Paraphrasing: Usually Not the Best Choice

In addition to integrating direct quotation into your writing, you may sometimes want to paraphrase your research material. A paraphrase is your rewording of something somebody else has written. But note that you still cite the material. So paraphrase is like quotation—you are making it clear that this is not your writing. But instead of including material from a source word for word, you reword it while still preserving the original sense.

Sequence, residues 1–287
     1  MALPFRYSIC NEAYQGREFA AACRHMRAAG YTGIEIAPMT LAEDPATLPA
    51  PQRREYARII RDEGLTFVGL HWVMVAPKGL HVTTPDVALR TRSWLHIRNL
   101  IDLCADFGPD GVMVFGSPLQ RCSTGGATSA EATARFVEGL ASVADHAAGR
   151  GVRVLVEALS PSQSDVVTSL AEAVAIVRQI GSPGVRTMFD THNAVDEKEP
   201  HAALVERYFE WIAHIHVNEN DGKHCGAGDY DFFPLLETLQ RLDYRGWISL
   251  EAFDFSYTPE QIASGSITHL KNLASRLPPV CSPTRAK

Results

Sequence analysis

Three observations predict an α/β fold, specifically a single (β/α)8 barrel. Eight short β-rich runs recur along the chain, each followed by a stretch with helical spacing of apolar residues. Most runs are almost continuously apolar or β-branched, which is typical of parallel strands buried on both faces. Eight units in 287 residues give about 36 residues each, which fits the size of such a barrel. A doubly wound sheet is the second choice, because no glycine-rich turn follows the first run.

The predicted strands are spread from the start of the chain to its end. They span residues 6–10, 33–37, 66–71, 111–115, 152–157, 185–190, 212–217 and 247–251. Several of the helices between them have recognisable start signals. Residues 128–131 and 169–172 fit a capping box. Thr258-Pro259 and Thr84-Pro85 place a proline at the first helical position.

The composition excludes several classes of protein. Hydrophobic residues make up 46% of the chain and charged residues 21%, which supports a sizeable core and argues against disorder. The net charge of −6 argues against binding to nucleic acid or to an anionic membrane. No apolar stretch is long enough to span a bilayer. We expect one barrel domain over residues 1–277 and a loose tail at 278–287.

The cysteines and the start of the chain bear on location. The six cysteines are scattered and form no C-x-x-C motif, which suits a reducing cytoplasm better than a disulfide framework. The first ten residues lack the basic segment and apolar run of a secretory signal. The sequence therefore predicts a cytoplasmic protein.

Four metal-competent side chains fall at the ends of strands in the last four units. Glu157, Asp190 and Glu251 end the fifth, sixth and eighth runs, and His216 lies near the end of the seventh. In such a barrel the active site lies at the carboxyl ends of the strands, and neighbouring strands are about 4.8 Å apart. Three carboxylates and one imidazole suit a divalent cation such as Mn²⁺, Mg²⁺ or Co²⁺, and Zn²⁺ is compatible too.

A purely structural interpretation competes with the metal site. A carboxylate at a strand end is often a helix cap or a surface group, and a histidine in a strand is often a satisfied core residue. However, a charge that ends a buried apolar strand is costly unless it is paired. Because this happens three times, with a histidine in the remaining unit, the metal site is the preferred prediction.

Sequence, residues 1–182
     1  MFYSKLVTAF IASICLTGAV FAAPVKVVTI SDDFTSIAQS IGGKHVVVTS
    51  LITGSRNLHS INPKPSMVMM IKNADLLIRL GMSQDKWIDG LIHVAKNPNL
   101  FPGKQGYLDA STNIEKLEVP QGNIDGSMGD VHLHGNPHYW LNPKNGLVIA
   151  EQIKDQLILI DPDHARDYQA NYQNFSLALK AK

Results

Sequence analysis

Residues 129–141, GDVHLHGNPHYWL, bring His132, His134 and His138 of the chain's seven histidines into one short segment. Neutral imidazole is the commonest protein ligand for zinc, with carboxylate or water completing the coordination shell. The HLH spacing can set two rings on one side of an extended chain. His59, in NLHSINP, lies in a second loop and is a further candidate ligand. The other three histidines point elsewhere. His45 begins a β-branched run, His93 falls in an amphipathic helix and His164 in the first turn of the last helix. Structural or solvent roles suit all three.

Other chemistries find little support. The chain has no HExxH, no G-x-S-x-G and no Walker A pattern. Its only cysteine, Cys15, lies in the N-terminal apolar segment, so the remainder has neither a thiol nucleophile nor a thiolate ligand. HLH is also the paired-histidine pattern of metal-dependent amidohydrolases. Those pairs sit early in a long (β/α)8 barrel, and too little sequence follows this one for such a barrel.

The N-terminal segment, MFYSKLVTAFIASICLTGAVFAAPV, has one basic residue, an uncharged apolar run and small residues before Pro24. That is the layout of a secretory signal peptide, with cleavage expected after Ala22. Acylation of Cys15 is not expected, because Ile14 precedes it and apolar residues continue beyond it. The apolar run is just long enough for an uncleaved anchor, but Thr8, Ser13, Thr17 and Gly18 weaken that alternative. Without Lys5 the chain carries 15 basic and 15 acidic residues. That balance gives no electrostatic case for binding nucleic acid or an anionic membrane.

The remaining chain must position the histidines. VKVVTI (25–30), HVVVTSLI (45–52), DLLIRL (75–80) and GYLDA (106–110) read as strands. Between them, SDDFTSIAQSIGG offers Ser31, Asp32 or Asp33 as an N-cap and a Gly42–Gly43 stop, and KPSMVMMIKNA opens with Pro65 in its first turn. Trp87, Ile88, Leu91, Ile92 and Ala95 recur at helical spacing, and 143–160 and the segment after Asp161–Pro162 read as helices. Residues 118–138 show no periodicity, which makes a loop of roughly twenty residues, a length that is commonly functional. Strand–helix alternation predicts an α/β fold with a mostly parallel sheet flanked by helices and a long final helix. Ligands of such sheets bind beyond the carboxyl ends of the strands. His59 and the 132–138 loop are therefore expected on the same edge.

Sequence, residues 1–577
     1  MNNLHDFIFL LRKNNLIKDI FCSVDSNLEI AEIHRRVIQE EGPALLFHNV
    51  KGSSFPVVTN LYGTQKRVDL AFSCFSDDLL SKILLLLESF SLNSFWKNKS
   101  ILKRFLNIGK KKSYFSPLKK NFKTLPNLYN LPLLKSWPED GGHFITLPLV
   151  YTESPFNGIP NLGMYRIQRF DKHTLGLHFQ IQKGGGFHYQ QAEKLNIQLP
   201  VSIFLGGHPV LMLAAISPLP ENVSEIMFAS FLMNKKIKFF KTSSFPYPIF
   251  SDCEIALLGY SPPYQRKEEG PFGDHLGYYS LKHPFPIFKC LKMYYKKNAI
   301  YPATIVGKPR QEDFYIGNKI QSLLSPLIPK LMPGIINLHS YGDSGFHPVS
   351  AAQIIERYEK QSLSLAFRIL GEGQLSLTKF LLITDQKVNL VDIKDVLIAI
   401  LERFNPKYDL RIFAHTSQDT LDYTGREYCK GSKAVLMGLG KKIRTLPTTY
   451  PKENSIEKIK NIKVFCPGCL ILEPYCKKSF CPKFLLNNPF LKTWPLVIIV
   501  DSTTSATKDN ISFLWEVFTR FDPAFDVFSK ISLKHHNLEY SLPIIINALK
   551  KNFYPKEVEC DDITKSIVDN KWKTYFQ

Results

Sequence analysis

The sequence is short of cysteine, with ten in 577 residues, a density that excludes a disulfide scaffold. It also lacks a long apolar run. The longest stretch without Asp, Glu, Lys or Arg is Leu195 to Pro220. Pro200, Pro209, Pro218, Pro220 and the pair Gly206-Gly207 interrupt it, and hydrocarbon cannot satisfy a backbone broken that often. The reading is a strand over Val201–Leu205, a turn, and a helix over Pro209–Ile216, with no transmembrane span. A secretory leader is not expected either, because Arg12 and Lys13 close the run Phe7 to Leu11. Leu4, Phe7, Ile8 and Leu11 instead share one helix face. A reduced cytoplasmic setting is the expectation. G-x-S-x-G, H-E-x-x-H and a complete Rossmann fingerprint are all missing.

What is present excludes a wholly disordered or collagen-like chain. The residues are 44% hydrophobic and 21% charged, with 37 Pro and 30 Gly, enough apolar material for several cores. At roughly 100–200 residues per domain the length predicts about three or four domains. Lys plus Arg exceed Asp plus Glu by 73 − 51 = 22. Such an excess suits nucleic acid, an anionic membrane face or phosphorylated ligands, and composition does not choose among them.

In most cases—almost all cases—it is preferable to quote directly. After all, the whole purpose of research is to put multiple voices and sources into conversation, so it makes sense to include the actual wording from those sources. But in cases where you have a general idea that has been expressed in a research source or you have a lot of material from a source that you would like to provide in brief in your own writing, paraphrase can be useful.

Keep in mind these three basic rules for paraphrasing:

  1. the source must be cited properly
  2. the wording must be your own
  3. the paraphrase, though a rewording, must express the original idea

Since effective paraphrase requires you to walk a fine line between rewording a source and preserving its meaning and intent, it is almost always more effective to quote directly.